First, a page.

McDonald’s prices exploit poor

If you’re looking for a cheap meal from McDonald’s, get your nugget fix from the River Oaks McDonald’s.’

Their prices on the four-piece McNugget Happy Meal are 10 cents cheaper than the restaurant on Elgin.

A classified corporate document revealed Australian McDonald’s encouraged franchises located in less affluent areas to raise prices on the same meals.’

The price recommendations allegedly do not target poorer neighborhoods, but instead look to a combination of factors to guide pricing.’

‘Refinement takes into consideration individual factors that relate to each store,’ according to an internal McDonald’s corporate document. The document also mentioned bringing Australian pricing more in line with global McDonald’s policies and pricing strategies.

As McDonald’s is a franchise, there are few standardized pricing mandates, with most being guidelines. Although the Australian corporate entity is different from the U.S. McDonald’s, the memo suggested the changes were a standard global practice.

‘The Australian approach has been brought into closer alignment with McDonald’s global practice,’ McDonald’s Australia corporate communications manager Bronwyn Stubbs said to The Advertiser.

McDonald’s has been under scrutiny for serving unhealthy food as a flagship of the fast food industry, most famously by Super Size Me, a 2004 documentary made by Morgan Spurlock, who ate nothing but McDonald’s food for a month, gaining a little over 24 pounds and suffered a host of side effects relating to mood and organ function.’

Iat is common knowledge that fast food is unhealthy for the body, but the perception also includes fast food as cheap and convenient. For some parents, it is also food their kids will reliably eat.

The item priced for the highest cost increase was the Happy Meal, rising 16.5 percent in May, according to The Advertiser.’

UH has a diverse population of ethnicity and nationality, but also of age ranges.’ The UH Child Care Center provides child care services for 153 children and is operating at capacity.’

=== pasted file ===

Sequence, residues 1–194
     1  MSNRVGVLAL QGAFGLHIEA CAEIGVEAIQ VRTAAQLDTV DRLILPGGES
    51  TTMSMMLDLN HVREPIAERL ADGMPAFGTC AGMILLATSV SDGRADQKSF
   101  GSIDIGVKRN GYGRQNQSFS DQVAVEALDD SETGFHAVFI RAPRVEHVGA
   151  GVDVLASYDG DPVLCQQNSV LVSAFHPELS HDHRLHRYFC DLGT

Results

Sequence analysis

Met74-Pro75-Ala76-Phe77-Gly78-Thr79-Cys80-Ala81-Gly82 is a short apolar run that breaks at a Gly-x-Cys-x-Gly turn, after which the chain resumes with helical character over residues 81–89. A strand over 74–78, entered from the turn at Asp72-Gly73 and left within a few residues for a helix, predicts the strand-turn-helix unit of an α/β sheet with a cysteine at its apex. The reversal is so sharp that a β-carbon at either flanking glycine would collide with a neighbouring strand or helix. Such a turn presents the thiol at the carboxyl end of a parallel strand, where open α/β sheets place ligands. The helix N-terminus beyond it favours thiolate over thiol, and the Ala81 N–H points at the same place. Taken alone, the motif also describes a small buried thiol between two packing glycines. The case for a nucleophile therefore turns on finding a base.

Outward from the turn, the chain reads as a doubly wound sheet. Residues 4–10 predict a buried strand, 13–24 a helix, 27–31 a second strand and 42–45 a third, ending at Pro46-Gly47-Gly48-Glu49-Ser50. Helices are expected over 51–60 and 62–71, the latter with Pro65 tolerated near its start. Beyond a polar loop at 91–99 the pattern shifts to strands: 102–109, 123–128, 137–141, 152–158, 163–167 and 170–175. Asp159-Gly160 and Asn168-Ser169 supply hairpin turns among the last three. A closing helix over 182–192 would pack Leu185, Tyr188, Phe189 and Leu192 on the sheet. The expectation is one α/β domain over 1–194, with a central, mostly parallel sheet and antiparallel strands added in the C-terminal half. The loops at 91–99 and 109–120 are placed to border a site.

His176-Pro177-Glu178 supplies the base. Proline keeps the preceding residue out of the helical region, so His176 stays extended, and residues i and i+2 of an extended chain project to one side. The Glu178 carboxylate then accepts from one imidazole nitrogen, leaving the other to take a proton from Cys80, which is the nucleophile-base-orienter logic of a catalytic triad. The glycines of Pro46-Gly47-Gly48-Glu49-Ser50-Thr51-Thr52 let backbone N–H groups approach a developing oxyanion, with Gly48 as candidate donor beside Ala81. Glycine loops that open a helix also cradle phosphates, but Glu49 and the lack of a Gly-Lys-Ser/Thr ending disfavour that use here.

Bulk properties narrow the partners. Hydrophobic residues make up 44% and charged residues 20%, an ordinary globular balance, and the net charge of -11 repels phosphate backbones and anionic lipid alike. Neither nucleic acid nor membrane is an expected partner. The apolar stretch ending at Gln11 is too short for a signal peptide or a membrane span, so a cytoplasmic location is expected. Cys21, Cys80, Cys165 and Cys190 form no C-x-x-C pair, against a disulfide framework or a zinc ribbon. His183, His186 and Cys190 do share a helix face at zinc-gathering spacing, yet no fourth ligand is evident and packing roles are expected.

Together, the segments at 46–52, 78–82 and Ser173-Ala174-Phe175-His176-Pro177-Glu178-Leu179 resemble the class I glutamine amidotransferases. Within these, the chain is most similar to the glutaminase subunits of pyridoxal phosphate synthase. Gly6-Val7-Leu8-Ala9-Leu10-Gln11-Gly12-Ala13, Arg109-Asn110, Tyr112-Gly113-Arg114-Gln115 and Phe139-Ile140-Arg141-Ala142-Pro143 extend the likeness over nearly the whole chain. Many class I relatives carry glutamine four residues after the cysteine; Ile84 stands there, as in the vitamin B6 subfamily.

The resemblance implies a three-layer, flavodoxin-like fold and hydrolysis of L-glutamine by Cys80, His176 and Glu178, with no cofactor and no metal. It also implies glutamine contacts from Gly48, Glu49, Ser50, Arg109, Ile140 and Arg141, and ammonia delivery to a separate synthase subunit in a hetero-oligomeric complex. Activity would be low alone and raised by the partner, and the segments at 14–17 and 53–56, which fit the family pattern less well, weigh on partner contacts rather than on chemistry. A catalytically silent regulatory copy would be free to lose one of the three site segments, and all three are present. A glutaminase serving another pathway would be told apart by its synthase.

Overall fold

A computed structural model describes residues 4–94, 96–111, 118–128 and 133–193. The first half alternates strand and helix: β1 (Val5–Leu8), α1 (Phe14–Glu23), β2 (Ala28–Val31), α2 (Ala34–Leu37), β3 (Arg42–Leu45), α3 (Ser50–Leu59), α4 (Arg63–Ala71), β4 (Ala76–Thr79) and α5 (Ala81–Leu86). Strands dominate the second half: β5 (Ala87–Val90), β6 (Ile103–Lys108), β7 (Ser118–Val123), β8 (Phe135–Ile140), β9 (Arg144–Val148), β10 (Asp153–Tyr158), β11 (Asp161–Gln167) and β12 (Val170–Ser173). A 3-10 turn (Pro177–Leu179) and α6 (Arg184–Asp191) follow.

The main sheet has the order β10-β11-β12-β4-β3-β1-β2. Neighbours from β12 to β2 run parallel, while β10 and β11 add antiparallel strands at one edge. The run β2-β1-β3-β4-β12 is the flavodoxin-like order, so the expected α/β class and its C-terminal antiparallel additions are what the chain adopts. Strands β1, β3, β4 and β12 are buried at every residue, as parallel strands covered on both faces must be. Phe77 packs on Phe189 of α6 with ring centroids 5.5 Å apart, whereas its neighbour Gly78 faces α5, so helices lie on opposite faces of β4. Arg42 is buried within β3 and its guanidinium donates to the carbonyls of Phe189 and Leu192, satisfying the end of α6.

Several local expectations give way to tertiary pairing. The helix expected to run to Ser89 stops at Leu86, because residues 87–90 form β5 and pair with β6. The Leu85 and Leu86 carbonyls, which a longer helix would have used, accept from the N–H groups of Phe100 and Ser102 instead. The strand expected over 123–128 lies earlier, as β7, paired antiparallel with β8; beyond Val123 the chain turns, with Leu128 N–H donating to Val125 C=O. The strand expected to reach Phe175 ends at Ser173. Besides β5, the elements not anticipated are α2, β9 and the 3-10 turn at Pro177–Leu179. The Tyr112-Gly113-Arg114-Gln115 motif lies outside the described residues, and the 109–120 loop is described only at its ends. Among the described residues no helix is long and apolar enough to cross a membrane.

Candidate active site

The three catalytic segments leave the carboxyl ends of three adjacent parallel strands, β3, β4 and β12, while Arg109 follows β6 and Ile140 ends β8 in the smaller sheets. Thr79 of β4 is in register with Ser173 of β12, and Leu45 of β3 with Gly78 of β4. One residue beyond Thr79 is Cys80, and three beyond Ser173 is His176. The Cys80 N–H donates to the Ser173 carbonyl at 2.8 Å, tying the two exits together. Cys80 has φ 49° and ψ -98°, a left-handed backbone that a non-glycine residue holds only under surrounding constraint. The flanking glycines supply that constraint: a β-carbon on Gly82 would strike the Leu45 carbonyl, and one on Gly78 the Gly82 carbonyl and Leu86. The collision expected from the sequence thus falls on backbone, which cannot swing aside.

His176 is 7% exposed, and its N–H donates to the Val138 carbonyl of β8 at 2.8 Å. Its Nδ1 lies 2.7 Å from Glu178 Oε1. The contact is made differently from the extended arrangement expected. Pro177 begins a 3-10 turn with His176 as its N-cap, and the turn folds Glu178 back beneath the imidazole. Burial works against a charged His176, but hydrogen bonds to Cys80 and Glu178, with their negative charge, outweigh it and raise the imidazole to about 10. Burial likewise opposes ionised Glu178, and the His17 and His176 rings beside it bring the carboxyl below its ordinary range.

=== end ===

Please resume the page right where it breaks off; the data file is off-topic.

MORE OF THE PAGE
The Elgin Street McDonald’s is less than two miles from the childcare center.’
James McNeal, a former professor of marketing at Texas A&M is an expert marketing to children.’

‘Children begin their consumer journey in infancy and certainly deserve consideration as consumers at that time,’ McNeals says in his book The Kids Market: Myths and Realities.

Kids don’t have control of family finances, and they are impulse-driven and may not be mature enough to understand parental limitations or health choices.’ Yet, they are significant motivators of buying choices. McNeal estimated that children under 14 years of age influenced nearly half of U.S. household spending in 2005, according to The Economist.’

The Happy Meal is a package deal guaranteed to appeal to children and represents the highest price gap, according the internal document.’

Children are more apt to begin making purchasing decisions at mass merchandisers, some of which now feature McDonald’s.’ They are also motivated to purchase by the addition of play – which the Happy Meal satisfies with the addition of a toy.’

College students are also prone to start eating fast food, or eating out more frequently. As many students may not have a car or are reluctant to abandon a hard-earned parking space to finding late-night food, McDonald’s is a convenient alternative.’

In February, Health magazine released their top 10 list of healthiest fast food restaurants, with McDonald’s at No. 8. The magazine cited cost as the primary motivator behind making the list.

‘One of the ways many Americans are saving money during the recession is through coupons and cheap eats at fast food joints. We can’t all eat expensive food nor can we afford to eat in restaurants, even after many places offer discounts,’ Health magazine stated in an article.

Price-gouging laws do not apply to fast food restaurants, as they do not qualify as providing necessary services or products.’ There is no reason to get food at Mc Donald’s when there are grocery stores nearby.’

However, parents, students and those with limited time and money frequently turn to fast food as a false economy.

The health implications of McDonald’s food are negative.’ What is not common knowledge is fast food is a targeted economic drain on populations who can afford it the least.

‘Look after the customer and the business will take care of itself,’ McDonald’s founder Ray Kroc once said.’

In the evolution of his restaurants, caveat emptor, or buyer beware, may be more appropriate.

Shaista Mohammed is an anthropology and communication sophomore and may be reached at [email protected].

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